Tag Archives: Guest Posts

Where you stand depends on where you sit

Originally posted 2009-12-28 09:00:50. Republished by Blog Post Promoter

I’ve never had a guest post in response to a LIKELIHOOD OF CONFUSION® item before, but that’s only because no one with the stature to respond to something I’ve written here based on personal knowledge of the facts has ever had the nerve to ask for one — not until I entered the rock and roll world of the fascinating Ritchie Fliegler, that is.  Ritchie’s a marketing guy, not a lawyer, so, naturally, he’s not afraid to speak truth to, uh, whatever it is this thing we have here is.Here’s what I would love to be able to say is the first of many replies to a LOC blog post from someone with a different point of view, and in a position to know. — RDC

 

“Where you stand depends on where you sit” – Nelson Mandela

This is one of my favorite quotes.  Not only does it ring true on so many levels, it’s also easier to understand than Einstein’s theory of relativity, which says basically the same thing —“Two events, simultaneous for some observer, may not be simultaneous for another observer if the observers are in relative motion.”

What does this have to do with trademark law? Not much actually, but it has a lot to do with a spirited and interesting conversation I had recently, with Ron.

Like many of you, my Google alerts are set to tick off on a number of subjects near and dear to me, classic cars, family members, former employers and the like. A few days ago the Google light went off alerting me to a blog post about a former employer, Fender Musical Instruments Corporation (FMIC) and their failed attempt to register trademarks for their famous guitar-body shapes – Strat, Tele and P-Bass. The article was well written, and thoughtful, however, in a vortex of relativity that would do ol’ Albert proud, my blood started to boil at what I perceived as purposeful errors and omissions by an uninformed outsider.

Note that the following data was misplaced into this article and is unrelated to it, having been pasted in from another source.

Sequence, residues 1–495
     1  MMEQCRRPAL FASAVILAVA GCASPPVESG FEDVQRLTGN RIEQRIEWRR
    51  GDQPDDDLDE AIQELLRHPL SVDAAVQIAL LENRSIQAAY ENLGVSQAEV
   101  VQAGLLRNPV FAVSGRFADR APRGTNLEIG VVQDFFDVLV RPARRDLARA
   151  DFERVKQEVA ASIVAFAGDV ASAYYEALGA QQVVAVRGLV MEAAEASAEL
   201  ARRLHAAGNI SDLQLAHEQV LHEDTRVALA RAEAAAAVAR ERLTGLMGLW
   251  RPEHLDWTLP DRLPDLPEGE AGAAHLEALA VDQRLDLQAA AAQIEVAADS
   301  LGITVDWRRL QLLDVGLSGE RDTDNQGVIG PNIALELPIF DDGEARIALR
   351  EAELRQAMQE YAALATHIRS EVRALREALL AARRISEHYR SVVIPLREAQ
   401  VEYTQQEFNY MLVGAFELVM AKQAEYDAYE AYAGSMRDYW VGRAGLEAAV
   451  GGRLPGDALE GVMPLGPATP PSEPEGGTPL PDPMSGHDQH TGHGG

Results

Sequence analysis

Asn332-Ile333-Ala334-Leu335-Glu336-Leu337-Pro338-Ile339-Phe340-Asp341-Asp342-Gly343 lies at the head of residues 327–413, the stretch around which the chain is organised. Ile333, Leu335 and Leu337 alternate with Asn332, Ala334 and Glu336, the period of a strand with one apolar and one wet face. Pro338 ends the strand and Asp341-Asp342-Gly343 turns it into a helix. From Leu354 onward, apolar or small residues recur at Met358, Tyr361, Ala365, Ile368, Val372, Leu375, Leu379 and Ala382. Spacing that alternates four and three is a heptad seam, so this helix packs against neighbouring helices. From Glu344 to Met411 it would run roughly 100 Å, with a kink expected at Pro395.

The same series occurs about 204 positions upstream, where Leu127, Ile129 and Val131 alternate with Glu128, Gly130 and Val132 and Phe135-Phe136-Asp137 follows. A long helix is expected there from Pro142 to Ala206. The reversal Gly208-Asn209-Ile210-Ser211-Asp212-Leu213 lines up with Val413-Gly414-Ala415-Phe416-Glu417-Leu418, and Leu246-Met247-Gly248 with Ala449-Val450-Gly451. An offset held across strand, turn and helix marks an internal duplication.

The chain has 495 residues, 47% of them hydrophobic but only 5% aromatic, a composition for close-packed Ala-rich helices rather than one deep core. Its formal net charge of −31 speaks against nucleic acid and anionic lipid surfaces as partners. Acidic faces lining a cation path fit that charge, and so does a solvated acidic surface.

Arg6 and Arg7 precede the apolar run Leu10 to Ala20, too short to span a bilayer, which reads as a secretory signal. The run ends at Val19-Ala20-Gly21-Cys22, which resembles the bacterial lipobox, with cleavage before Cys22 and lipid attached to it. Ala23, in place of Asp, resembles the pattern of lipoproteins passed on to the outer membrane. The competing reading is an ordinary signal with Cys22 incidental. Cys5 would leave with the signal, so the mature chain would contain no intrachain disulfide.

Now, I have been away from FMIC for well over two years, but I still have many dear friends at the place as well as a lingering vested interest… so I sprung in to action and sent a message with a requisite level of rancor. Read More…

Zediva: The world’s longest extension cord

Originally posted 2011-03-17 11:37:26. Republished by Blog Post Promoter

Matthew David Brozik

Guest blogger Matthew David Brozik

The AP reports that a small California (of course) company thinks it has a brilliant idea, a way to out-Netflix Netflix: Zediva Inc. is going to make available for viewing on subscribers’ Internet devices new movies as soon as they are available on DVD. This is a big deal, because Netflix, for instance, does not do this. Netflix will begin sending physical DVDs of a new movie as soon as the movie comes out on DVD… but the instant viewing option comes later, largely because movie studios want it that way, believing that the ability of consumers to view films instantly at home cuts into DVD sales.